Marlinton Town Council held a special meeting last Tuesday night to address the issue of a temporary variance to the town’s ordinance which currently restricts RV parking within town limits to 30 days per quarter. In its initial discussion of requests, it was noted that the variances would be for the duration of the pipeline project.
The influx of Atlantic Coast Pipeline workers to the county has resulted in a need for housing accommodation. Most workers travel with pipeline jobs, making RVs their home of choice.
Council member Don Morrison noted that most of the RVs moving in cost more than a lot of homes in the area.
Recorder B. J. Gudmundsson made a motion that council let the ordinance stand, as is, with no variances granted.
The motion died for lack of a second.
Council attorney Bob Martin provided a written memo as a guideline for the process moving forward:
First, council was to vote as to whether the variances would be allowed.
Second, which types of variances would be allowed.
Council was then to determine what conditions and/or rules need to be established – with a clear statement that a violation of the established rules would result in the permit for a variance being invalidated and immediately revoked.
The variances to be considered were:
1. Campgrounds, which would allow RV parking for longer than 30 days.
2. Privately owned lots that meet the square footage requirements.
3. Lots that are cleared of dilapidated buildings, which meet the requirements.
Council member Scott Gibb opened up the process with a motion to allow variances, seconded by Morrison.
After much discussion, Morrison, Sue Helton, Gibb and Norris Long voted in the affirmative, with Gudmundsson voting against the motion. Council member Adam Irvine was not present for the meeting.
Council then addressed the who, what, when and how of the issue.
Approval of the variances would be subject to certain criteria:
1. Requests would be considered on a case-by-case basis.
2. Only one RV hook-up will be allowed per residence address. This would prevent RVs from being set on the lawn of an existing residence.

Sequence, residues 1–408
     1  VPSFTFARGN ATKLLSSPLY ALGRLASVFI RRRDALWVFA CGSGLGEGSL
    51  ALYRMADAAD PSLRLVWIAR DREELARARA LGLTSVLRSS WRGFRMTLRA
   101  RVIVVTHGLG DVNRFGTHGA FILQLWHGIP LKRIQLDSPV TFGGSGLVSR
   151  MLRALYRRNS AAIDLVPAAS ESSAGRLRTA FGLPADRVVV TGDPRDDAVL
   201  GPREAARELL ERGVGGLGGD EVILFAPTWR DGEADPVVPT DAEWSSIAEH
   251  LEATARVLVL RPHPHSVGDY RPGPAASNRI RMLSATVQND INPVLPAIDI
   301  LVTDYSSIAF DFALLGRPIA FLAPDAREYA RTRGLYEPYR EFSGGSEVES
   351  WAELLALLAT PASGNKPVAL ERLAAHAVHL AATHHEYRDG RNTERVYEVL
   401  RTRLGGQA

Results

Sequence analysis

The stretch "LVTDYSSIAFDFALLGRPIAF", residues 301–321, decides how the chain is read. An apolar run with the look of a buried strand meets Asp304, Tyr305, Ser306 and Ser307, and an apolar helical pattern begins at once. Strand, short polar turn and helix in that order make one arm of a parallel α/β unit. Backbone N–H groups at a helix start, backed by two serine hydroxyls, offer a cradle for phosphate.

3. A minimum and maximum number of RVs for a campground or park.
4. Minimum size lot required for each RV in a campground or park.
5. Space needed for vehicle parking.
6. Hookups would need to adhere to mandatory water, sewer and electric requirements as set forth by the town’s ordinance as well as adhering to guidelines in the Floodplain Ordinance.
7. Each site must meet requirements for garbage disposal.
8. Written agreements between the property and RV owners stating both will comply with all town and Floodplain ordinances, as well as guarantee that in the event of the threat of flooding, all RVs will immediately be moved to higher ground.
Martin noted that the burden of application and compliance is on the property owner.
Brian Tankersley, prior to the variances issue, began working to establish an RV park on his property at the end of Second and Third avenues. He advised council that, by DNR rules, if you have two RVs on a property, it is considered a campground, and as such, becomes subject to the rules and regulations of the Public Health Department.
Mayor Sam Felton stated that he felt the town would benefit from the RV hookups – $500 for water; $350 for sewer; in addition to increased usage fees for the duration of the project.
In addition, Felton said the variance for dilapidated structures would give the town a window of opportunity, which would allow those property owners to tear down substandard houses, level the lots and utilize the already established water and sewer hookups to serve an RV. At the end of the pipeline project, the property owners would have a green space ready for new construction.
“This might be a pipedream,” Felton said with regard to the dilapidated properties, “but if three or four people get on board, that’s three or four properties that will be cleaned up.”
Gudmundsoon expressed her concern as to what will happen when the job is over and the town is left with empty RV parks.
Felton said the campgrounds could continue under the town’s original ordinance, with RVs allowed to be in place 30 days each quarter.
Gibb made a second motion to approve the three types of variances, which would require compliance with all Town of Marlinton and Floodplain ordinances.
Scott, Morrison, Long voted in the affirmative.
Helton and Gudmundsson voted against it.
Council will continue its work to establish written rules to govern the variances.
Felton noted that the Floodplain Ordinance “is someone else’s playbook.”
“There’s a lot of work to do to finalize this,” Morrison said, “but in the end, I think it will be worthwhile.
Felton asked the public to submit letters of concern to his office at 709 Second Avenue, Marlinton, WV 24954.